Make International Travel Cheaper

If you are someone that enjoys international travel, you may be aware that credit card companies charge additional fees for making credit card purchases outside of the United States. Visa and MasterCard, for example, charge a 1% processing fee for all foreign transactions. Then, the bank that issues the card is free to tag on additional fees, with some being as much as 3%.

For those that frequently engage in international travel, these expenses can really add up. For this reason, it is important to take a look at what a card charges before applying for it and then using it while traveling. Obviously, this shouldn’t be the only aspect you consider when choosing a card and whether or not it is worth your while to apply for a new card because of the foreign transaction fees is entirely based on your personal lifestyle and needs.

According to IndexCreditCards .com, these are the fees associated with some of the more popular credit cards. These fees are in order from the lowest to the greatest fee: (Please note: check current card info for the most up to date fees)

  • Capital One: 0% transaction fee and it pays the 1% fee charged by Visa and MasterCard for its customers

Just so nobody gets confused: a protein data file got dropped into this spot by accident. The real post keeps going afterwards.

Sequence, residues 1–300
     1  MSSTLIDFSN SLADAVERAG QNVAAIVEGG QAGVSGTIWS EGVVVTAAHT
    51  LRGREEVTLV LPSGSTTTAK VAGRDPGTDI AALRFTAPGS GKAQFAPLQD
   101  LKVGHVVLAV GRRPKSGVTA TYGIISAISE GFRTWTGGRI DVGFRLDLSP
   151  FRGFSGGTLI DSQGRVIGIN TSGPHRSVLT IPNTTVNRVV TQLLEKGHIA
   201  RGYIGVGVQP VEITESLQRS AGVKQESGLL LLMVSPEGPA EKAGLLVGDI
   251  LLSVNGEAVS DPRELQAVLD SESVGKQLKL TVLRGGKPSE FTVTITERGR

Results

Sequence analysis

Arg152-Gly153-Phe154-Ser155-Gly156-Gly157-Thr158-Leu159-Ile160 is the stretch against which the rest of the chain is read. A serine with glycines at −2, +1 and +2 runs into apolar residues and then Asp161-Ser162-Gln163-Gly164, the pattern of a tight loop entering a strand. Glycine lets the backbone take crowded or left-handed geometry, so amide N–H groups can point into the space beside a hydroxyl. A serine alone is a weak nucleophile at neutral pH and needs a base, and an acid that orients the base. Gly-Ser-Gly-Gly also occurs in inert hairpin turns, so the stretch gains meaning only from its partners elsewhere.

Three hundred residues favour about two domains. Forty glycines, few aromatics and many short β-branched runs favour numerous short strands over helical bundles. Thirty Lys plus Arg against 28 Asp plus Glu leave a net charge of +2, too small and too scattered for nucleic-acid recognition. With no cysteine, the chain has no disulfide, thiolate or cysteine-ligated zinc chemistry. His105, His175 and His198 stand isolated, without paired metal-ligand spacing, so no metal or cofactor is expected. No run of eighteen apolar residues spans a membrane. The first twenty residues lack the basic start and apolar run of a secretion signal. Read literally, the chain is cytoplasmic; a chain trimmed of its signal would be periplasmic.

• Discover: 0% transaction fee, though it has limited acceptance outside of North America.
  • Washington Mutual: 1%.
  • Pulaski Bank: 2%.
  • American Express: 2%.
  • Barclays/Juniper Bank: 2% to 3%, depending on the card.
  • U.S. Bancorp (U.S. Bank): 3%.
  • Bank of America: 3%.
  • GE Money: 3%
  • Citibank: 3%.
  • Chase: 3%.
  • Wells Fargo: 3%.

You also need to consider the foreign exchange rate when choosing a card. Most travel experts state that travelers receive the best rate when they pay with a credit card because they receive the same rate banks charge to other banks rather than the rate they would receive if they walked into a bank as a customer. This is not, however, always the case. Call the bank before heading out on your trip in order to find out how they calculate their foreign exchange rate.

When you do make a purchase, ask that it be charged in the local currency. Otherwise, you are giving the merchant control over the exchange rate you are given. Some will wait until the rate is best for them before cashing in or will use the highest rate provided in a three to four day window of time, which will add up to higher costs for you.

One comment

Comments are closed.